Between 1804 to 1808 Ludwig van Beethoven composed what is probably the world’s most famous piece of music: his Fifth Symphony.
It was first performed in Vienna in 1808 and since then has been a staple in the repertoire of every symphony orchestra in the world. It has been covered many times, from Franz Liszt’s reinterpretation of it as a piano solo, to the rock band Electric Light Orchestra’s incorporation of parts of it in the appropriately named Roll Over Beethoven.
The opening of the First Movement – four short notes followed by a longer one – is in itself an iconic piece of music. Because the symphony is the Fifth, or V in Roman numerals, the symphony was called the Victory Symphony after British Prime Minister Winston Churchill’s use of the ‘V for victory’ symbol during the Second World War.
By complete coincidence, the opening notes are also the Morse code for the letter ‘V’ and the BBC prefaced its radio broadcasts with these four notes during the war years.
For Beethoven himself, it is claimed that the opening notes were symbolic of Fate knocking at his door. It defies belief that this work, and those that came later, were written while Beethoven was becoming deaf. He could barely hear the higher notes and because of the force with which he needed to hit the piano keys to hear his own work he wrecked several of his pianos.
Now, over 200 years later, the Budapest Danubia Orchestra has found a way to play Beethoven’s music in a way that can be ‘heard’ by those who suffer from the same disability as Beethoven: those who are partially or totally deaf.
Some of the audience ‘hears’ the music as vibrations by putting their hands on the musicians’ instruments. Zsuzsanna Foldi was moved to tears as she sat next to the bass player. She has been deaf since the age of eight months, a result of meningitis, and recalled how her own father would play the double bass as she ‘listened’ to it, her ear pressed to the instrument.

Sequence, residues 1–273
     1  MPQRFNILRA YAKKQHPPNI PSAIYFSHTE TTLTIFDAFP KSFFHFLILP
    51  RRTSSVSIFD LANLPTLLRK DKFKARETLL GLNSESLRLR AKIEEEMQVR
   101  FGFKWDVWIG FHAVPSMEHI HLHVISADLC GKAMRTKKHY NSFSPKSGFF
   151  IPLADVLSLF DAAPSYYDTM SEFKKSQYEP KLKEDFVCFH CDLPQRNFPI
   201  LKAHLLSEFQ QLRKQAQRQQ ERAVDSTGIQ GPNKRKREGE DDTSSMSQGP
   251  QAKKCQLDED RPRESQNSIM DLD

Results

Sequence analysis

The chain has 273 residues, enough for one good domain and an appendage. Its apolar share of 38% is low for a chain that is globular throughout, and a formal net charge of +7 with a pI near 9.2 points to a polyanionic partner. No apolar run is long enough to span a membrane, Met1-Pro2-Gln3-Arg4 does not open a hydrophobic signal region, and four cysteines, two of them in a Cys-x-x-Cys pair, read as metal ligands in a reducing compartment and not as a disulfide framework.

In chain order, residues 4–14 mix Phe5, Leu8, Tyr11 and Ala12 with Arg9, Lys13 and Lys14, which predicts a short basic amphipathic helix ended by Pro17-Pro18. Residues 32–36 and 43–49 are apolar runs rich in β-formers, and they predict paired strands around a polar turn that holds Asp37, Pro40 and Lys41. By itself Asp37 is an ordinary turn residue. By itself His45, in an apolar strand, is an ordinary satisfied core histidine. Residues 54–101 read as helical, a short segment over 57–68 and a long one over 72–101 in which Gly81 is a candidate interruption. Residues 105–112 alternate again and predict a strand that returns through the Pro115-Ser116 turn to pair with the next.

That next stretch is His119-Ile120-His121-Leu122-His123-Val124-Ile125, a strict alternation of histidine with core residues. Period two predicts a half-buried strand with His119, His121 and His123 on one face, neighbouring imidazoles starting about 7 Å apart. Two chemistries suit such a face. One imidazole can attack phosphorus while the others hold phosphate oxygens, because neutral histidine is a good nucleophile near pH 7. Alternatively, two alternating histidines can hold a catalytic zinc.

Others hold acoustic balloons which transmit the vibrations or are given super-sensitive hearing aids.
The orchestra is holding a series of concerts for those with hearing disabilities. Mate Hamori, the conductor said: “The idea was somehow to lure those who are most capable of sympathizing with Beethoven and his own suffering into the world of music.”
Beethoven’s housekeeper tells of how, in his later years he would sit at his piano with a pencil in his mouth, the end touching the piano keys so that he could “sense” the music through the vibrations.
Concertgoer Erzsebet Dudas said that before she lost her hearing she would listen to jazz and some classical music but not Beethoven. “Here, when the string instruments all sound that gives a very good vibration,” she explained. “It is not a coincidence that he [Beethoven] wrote this kind of music.”